Instant View: Euro zone consumer inflation steady at +2.6 percent in September


Euro zone inflation was unchanged in September from a month earlier and the reading might have been lower were it not for a double-digit jump in clothing prices ahead of Europe's winter.

Consumer prices in the 17 countries sharing the euro rose 2.6 percent in September on an annual basis -- the same level as August, Eurostat said on Tuesday, lower than the 2.7 percent rise economists polled by Reuters had forecast.

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"Eurostat core inflation came with barely any surprise, remaining stable at 1.5 percent, when we were looking for a slight drop and had actually highlighted upside risk to our forecast.

"That shows the impact of Spanish VAT hikes in September, so all in all it is not really a great surprise today, but although the headline rate is quite high at 2.6 percent, one has to notice that the core inflation rate is at 1.5 percent and our sense for the remainder of the year is for a downward trend, both in the headline and the core inflation rate.

"We are looking for the headline inflation rate to go down to 2.3 percent and the core at around 1.3 percent at the end of the year.

"In terms of inflation pressures and monetary policy-wise, headline inflation will remain above the ECB's target, but the core will be below that, and that is what the ECB is probably more looking at when deciding on medium term inflation pressures.

"In our view the headline HICP inflation rate will reach the ECB threshold by the middle of next year, so the ECB's low interest rate policy is not jeopardized by today's reading.

"The ECB has very little room to move on rates, and we expect them to move to 0.5 percent by the end of the year, but the ECB has said rates are not a key concern at the moment and were not discussed at the last meeting so the focus should rather keep being on improving monetary policy transmission mechanisms."


"Significantly, euro zone inflation was pushed up in September by higher energy prices and a VAT rise in Spain. Energy prices rose 1.1 percent month-on-month in September which pushed the year-on-year increase up to 9.1 percent from 8.9 percent in August and a low of 6.1 percent in July, while the VAT increase caused Spanish inflation to spike to 3.5 percent in September from 2.7 percent in August.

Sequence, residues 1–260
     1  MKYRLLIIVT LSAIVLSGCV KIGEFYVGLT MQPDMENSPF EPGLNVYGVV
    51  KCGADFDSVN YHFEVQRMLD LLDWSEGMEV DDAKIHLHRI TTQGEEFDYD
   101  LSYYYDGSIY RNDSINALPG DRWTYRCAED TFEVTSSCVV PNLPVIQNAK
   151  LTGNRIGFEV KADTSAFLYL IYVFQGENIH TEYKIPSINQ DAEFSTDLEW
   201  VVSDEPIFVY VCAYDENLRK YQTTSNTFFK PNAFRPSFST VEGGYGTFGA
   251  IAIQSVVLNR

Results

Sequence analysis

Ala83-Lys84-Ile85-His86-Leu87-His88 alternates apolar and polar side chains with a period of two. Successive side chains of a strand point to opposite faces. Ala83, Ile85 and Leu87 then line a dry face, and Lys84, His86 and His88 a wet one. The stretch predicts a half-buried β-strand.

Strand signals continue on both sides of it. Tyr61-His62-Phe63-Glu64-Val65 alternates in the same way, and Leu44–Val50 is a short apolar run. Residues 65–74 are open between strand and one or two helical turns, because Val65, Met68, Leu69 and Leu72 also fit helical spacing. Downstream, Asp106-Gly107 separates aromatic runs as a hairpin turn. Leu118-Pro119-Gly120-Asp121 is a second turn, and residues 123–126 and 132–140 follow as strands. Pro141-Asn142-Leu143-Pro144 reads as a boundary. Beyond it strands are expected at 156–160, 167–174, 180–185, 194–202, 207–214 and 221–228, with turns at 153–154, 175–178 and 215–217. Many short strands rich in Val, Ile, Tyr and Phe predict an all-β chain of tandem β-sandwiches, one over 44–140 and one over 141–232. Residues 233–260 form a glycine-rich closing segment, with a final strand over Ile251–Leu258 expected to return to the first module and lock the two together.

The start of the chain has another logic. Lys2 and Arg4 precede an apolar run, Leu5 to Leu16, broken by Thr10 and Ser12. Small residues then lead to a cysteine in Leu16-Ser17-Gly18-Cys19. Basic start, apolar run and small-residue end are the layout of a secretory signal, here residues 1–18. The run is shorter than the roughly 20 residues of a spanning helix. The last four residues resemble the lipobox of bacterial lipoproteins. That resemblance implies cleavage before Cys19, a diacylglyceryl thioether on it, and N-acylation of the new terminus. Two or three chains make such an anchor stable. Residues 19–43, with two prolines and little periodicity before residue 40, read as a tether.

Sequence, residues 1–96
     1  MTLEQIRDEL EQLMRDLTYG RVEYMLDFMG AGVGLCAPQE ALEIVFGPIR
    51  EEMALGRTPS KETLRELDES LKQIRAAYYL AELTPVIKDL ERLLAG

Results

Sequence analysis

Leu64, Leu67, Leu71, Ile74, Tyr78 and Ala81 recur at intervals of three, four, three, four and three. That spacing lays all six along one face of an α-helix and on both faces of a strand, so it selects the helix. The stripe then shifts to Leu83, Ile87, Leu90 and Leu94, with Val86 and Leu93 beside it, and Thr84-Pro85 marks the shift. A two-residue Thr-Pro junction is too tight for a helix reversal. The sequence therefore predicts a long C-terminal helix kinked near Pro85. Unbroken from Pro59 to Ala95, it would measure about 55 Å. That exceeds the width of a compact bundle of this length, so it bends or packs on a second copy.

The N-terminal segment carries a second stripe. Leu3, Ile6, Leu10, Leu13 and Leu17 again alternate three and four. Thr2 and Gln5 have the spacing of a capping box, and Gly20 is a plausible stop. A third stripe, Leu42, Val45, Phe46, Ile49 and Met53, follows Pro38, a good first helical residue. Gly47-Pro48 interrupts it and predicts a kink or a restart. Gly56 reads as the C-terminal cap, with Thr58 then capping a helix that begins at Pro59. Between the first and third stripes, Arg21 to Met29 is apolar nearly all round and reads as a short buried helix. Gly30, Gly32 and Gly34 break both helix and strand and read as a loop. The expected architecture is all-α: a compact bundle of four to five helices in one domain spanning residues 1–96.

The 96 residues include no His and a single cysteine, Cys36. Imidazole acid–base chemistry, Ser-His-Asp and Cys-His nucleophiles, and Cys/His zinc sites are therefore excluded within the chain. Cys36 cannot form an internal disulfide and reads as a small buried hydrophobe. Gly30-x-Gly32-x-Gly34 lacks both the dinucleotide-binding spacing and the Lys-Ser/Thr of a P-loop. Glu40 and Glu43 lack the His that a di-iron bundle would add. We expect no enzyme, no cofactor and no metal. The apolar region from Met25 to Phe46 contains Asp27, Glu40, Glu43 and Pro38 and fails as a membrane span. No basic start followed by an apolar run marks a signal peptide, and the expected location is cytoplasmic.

"The underlying inflation situation still looked pretty benign. Indeed, core euro zone consumer price inflation (which excludes energy and unprocessed foods) actually retreated to a 13-month low of 1.6 percent in September from 1.7 percent in August and 1.9 percent in July.

"Admittedly the overall marked rise in oil prices from their June lows and the prospect of higher food prices due to grain prices being pushed up by poor harvests (notably in the United States) means that euro zone consumer price inflation is likely to be higher than had been hoped for in the near term at least, but underlying price pressures should continue to be limited by generally muted economic activity, excess capacity and ongoing wage moderation amid high and rising unemployment.

"Although consumers' inflation price expectations have moved back up recently, this is unlikely to result in higher wages due to the substantial slack in most labor markets. And the latest European Commission survey indicated that companies' pricing intentions remain muted compared to long-term norms, despite rising in September.

"With the underlying inflation situation in the euro zone still looking far from alarming and with the euro zone almost certainly having suffered further GDP contraction in the third quarter and still facing a troubling outlook, we maintain the view that it is a question of when - rather than if - the ECB will take interest rates down from 0.75 percent to 0.50 percent.

"We have penciled an interest rate cut to 0.50 percent in December on the assumption that continuing weak economic data and surveys will gradually convince the ECB that lower interest rates are warranted. However, the ECB could delay trimming interest rates until early 2013 due to concerns that the impact of a near-term cut could be diluted by the problems in monetary policy transmission channels."


"Euro zone inflation held steady at 2.6 percent in September according to Eurostat, coming in slightly below the consensus and the earlier 'flash' estimate. A further uptick in energy and food price inflation was offset by a decline in alcohol and tobacco price inflation. The core rate was unchanged at 1.5 percent despite a sharp increase in VAT in Spain, but this was mainly due to favorable base effects (core inflation increased sharply in September last year, which was related to changes in the treatment of seasonal products).

"Looking ahead, euro zone inflation should start to move lower before long as previous sharp increases in energy and food prices cease to boost the annual rate. But with commodity prices remaining high and volatile, and further VAT hikes in the pipeline (e.g. in the Netherlands next month and in Finland in January), it is probably going to be a very gradual descent.

"Indeed, headline inflation may remain above 2 percent well into next year. Even so, medium-term inflation pressures remain subdued. This gives the ECB leeway to further lower interest rates to try to help revive the economy. We still anticipate a 25 basis point cut in the refi rate to 0.5 percent around the turn of the year."

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(Reporting By Robin Emmott and Jan Strupczewski; editing by Rex Merrifield)